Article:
2. Take time to remember your child. Sometimes in our grief, we want to keep ourselves busy so we won’t notice the ache in our hearts as much. I have found that it helps me to get up earlier on Mother’s Day and have some time by myself thinking about Joy. I sometimes take time to write her a letter in a journal I keep for her. We light a candle for Phoebe’s birth mom and another candle we light for Joy. In later posts, I will share other ways we remember Joy as a family (there are several!).
  3. Help another mom in need. I believe some of my healing has come from being available to help others. In honor of the one I lost, I try to encourage another mom in need. For example, I might take a new baby blanket to our local pregnancy crisis center. At times I attach a small note to the receiving mother who has chosen life (rather than abortion) for her child. I encourage her and tell her that I bought the blanket in honor of the child I lost through miscarriage. This act enables me to connect a bit to another mother in her own journey as she fights for life for her unborn child (often at great personal sacrifice). I feel like my little one and I are partnering to bring hope to another struggling mom.

After my miscarriage, I could find very few resources to help me in my journey of grief through miscarriage. However, I discovered that when I openly shared my pain of miscarriage, dozens of friends and connections came forward and said, “I too have a child in heaven… I have three… I have never told anyone but with your openness I want you to know…”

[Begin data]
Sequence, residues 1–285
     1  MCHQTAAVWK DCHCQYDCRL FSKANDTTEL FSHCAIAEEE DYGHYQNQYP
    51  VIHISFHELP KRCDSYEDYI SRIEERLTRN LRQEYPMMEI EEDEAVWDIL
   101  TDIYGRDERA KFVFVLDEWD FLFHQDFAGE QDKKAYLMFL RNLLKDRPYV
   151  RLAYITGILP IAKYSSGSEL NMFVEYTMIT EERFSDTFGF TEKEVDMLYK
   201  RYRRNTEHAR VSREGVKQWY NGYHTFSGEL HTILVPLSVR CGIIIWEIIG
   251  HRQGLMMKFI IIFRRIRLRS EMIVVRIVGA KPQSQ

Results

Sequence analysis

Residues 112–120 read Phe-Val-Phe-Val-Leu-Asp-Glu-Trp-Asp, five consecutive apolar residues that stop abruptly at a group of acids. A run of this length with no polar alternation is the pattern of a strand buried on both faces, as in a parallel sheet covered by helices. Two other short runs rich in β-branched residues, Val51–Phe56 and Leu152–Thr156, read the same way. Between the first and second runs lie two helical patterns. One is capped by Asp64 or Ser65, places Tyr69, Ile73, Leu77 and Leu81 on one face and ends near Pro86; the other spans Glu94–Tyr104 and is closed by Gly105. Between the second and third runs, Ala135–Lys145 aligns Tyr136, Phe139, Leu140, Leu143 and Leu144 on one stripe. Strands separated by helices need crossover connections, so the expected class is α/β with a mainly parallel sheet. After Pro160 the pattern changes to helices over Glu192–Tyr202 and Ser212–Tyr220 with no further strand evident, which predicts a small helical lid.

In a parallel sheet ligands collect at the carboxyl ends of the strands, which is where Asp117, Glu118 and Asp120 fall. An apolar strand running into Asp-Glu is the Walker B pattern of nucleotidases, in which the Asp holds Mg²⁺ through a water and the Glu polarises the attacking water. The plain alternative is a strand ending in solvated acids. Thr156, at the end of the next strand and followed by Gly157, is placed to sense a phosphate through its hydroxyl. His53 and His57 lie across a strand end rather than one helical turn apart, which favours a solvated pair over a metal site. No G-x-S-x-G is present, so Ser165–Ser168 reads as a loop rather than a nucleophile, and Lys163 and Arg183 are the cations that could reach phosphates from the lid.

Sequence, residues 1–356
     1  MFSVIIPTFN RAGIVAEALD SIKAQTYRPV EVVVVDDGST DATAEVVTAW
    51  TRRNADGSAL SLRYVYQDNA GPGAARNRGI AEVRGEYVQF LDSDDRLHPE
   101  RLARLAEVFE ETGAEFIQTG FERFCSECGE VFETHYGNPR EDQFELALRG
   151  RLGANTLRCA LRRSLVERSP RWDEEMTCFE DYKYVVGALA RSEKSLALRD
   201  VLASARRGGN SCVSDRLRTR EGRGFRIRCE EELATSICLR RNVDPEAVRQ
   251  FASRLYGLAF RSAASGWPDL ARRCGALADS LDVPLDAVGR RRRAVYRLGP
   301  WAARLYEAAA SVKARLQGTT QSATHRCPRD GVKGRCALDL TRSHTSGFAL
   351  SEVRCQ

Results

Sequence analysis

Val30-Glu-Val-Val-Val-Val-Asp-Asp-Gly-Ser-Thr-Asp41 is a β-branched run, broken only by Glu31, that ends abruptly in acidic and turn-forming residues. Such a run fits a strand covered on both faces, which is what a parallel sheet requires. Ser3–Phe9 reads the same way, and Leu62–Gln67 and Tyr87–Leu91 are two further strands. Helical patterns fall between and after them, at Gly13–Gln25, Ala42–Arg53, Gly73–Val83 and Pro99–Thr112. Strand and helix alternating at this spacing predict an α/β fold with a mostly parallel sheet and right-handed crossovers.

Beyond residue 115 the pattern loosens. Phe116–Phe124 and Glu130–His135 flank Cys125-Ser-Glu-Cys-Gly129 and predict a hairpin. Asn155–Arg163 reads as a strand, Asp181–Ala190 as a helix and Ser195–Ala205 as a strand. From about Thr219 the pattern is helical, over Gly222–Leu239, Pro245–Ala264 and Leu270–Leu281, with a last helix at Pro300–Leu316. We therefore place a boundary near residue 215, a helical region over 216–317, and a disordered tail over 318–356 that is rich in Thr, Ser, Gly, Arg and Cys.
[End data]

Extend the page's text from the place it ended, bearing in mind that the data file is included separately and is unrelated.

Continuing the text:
On Mother’s Day, those of us in the “some of us” category, may move through our Sunday with a smile gracing our faces, but  we may silently struggle. I, for one, want to see the silent struggle shift. I want those who silently grieve miscarriages find an open space to let their children be known and celebrated and remembered – even though no one sees them. And I want those parents to find comfort, encouragement and hope that comes from Christ.

During the next five weeks, I will write about my personal journey into grief through miscarriage, my determination to honor my daughter’s short life, and my unrelenting belief that one day I will see my child, hold her, and know her deeply. Wow, I certainly do not have all the answers, but I do know that miscarriage hurts. I also know God can take the stinking, broken, miserable, painful  things in life and literally change eternity through them.

It is my hope that through these blogs over the next few weeks, others who have experienced miscarriages or those walking beside those who have, will find a little encouragement that helps them navigate the confusing and often lonely journey of grieving the child no one has ever met.

Join the Conversation: I know this topic is vulnerable. Obviously it has taken me 7 seven years before writing more deeply on the topic. But if you’d like us all to remember your little one by acknowledging that you also have experienced this type of journey, we’d be honored to do just that. To all my sisters out there, I pray we will be the strongest voices out there for the voiceless. 

I will leave the first comment to get us started.